In case we were wondering why the Religious Right often seems to get such uncritical, or at least misguided coverage from so much of the mainstream media -- we need look no further than a recent segment from CNN's Situation Room. It is the single most startlingly frank admission of ignorance on the part of major figures in journalism I have ever seen.
You could probably hear my dropping jaw hitting the floor when I heard Jack Cafferty and Wolf Blitzer say they had never heard of dominionism until they read Michelle Goldberg's article on The Daily Beast. They apparently had never heard of Christian Reconstructionism or the New Apostolic Reformation either. Goldberg's article on Rick Perry and Michelle Bachmann's relationship to all of this was certainly well done. But it is amazing that no other journalist of any prominence had looked into it before Goldberg's revelations. There are many, and ever-more prominent pols with similar ties. And the failure of our national media and political culture to come to grips with this has been astounding. At least to me. As someone who has written about the Religious Right in its various dimensions for about 30 years, I've watched with horror as too many (but not all) mainstream media missed or misreported the stories of one of the most significant political movements of our time.
Blitzer and Cafferty et al have had plenty of opportunities to learn about dominionism and Christian Reconstructionism. They could have read Michelle Goldberg's New York Times best-selling book Kingdom Coming: The Rise of Christian Nationalism, in 2006. They could have read my 1997 book, Eternal Hostility: The Struggle Between Theocracy and Democracy, or Sara Diamond's 1989 classic, Spiritual Warfare: The Politics of the Christian Right. -- to name but a few that deal specifically with dominionism and Christian Reconstructionism. We were all widely in the media, including national broadcasts talking about this stuff. They could also read material from such well established and well known organizations that study and counter the American right, as Americans United for Separation of Church & State and People for the American Way, and Political Research Associates. (PRA published my studyof Christian Reconstructionism in 1994.) Religion Dispatches reports on these things all the time as well. They have been discussed in wider context in books by such scholarly best selling authors as Gary Wills, Harvey Cox, Jeff Sharlet and Kevin Phillips, to also name but a few, and in major articles in magazines as diverse as Reason and Mother Jones. (I even discuss Christian Reconstructionism on camera in the 2007 Hollywood film documentary on the politics of abortion, Lake of Fire. Watch it for free, here.)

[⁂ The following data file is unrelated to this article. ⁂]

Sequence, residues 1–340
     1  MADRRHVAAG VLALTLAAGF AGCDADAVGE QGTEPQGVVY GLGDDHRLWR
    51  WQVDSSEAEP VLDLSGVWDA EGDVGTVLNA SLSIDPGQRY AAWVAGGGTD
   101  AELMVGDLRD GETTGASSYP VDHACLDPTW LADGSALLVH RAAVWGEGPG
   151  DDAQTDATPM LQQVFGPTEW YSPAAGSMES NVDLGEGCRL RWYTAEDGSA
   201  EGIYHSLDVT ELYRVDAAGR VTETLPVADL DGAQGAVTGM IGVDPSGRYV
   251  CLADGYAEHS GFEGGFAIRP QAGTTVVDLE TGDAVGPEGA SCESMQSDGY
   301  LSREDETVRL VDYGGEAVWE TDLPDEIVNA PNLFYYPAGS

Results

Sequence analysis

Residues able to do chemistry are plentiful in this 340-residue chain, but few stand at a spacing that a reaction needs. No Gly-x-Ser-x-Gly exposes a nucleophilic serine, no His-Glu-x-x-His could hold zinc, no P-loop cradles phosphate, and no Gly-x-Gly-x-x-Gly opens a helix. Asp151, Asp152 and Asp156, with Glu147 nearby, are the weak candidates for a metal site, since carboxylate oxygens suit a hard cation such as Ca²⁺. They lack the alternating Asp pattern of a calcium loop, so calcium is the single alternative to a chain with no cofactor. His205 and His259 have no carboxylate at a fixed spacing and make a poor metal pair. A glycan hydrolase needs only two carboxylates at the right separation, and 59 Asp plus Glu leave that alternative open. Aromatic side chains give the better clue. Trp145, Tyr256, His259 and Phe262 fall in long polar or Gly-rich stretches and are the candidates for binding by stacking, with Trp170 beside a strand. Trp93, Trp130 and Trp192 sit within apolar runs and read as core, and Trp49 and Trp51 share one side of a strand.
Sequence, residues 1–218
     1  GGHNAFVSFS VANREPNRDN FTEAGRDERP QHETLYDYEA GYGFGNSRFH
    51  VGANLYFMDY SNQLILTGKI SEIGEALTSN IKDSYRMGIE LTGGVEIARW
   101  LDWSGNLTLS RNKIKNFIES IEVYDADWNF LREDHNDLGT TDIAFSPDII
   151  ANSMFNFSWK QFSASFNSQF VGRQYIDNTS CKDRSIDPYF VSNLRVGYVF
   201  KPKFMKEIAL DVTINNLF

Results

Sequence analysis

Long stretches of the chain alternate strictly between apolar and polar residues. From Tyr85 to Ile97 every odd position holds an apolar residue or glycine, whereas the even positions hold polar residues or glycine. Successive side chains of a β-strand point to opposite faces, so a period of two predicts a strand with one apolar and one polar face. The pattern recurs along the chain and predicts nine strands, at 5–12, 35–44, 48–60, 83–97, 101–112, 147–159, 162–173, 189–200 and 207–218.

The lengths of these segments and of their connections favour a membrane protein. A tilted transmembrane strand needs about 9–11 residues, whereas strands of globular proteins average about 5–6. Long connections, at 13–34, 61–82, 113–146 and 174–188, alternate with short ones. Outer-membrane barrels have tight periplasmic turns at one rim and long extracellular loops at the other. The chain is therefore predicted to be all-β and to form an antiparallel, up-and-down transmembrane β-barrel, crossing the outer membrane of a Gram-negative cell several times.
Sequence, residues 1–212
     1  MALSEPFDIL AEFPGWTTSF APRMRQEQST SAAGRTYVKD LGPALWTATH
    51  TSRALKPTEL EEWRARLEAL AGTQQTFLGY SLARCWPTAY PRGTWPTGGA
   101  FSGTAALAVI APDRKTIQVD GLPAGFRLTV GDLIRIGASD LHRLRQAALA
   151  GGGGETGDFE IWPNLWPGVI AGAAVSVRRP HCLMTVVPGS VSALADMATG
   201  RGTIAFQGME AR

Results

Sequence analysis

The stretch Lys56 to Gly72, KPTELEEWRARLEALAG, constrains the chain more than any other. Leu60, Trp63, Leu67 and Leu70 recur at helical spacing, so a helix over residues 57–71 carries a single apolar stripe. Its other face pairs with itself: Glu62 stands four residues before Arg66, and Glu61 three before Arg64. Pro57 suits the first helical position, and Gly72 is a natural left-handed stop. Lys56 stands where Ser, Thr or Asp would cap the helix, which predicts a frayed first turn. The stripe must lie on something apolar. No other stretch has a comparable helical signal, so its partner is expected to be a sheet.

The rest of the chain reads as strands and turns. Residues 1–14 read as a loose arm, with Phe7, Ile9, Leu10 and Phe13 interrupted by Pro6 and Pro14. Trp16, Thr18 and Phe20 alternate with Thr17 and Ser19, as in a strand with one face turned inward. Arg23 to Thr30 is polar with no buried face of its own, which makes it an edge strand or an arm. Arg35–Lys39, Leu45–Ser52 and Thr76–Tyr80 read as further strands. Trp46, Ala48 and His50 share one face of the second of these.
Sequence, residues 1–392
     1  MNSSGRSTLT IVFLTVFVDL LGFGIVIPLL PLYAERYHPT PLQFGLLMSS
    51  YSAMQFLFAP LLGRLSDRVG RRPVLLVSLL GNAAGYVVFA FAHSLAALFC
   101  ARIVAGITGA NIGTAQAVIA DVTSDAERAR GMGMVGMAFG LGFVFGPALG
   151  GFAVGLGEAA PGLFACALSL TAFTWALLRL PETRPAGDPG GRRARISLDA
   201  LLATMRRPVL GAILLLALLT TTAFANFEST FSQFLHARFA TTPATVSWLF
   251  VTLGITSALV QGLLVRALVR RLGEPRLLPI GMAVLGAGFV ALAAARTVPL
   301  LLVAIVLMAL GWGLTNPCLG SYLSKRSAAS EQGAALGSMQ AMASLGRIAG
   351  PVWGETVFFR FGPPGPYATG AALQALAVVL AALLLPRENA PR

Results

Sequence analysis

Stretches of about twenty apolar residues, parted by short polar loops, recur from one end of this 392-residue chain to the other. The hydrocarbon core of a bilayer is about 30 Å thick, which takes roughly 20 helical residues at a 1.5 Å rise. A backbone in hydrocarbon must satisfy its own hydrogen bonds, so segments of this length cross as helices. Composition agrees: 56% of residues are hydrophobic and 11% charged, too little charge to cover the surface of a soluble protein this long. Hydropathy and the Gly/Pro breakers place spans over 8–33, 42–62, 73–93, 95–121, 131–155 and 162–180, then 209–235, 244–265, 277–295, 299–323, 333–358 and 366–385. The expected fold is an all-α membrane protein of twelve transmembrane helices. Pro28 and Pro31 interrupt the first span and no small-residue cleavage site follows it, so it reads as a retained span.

You really cannot have been awake in American public life for the past few decades and not have encountered dominionism and Christian Reconstructionism. Blitzer and Cafferty are far from alone in snoozing comfortably through this part of our national life. They are just more startlingly honest that this is no dream.
At the group blog Talk to Action my journalist, scholarly, and activist colleagues and I have been writing in a sustained and focused manner on these things since 2005. If Blitzer and Cafferty -- or anyone else -- is interested in the New Apostolic Reformation, Bruce Wilson and Rachel Tabachnick have been doing ground-breaking research and analysis for several years. Here is a recent compilation of their reporting so far.
These things said, I am grateful for Blitzer and Cafferty's frankness. I think the acknowledgement of their ignorance draws a bright line in our recent history. I don't know that the bright line will lead us to an era of knowledge and enlightenment, but at least we have a chance of knowing what the darkness of ignorance looks like.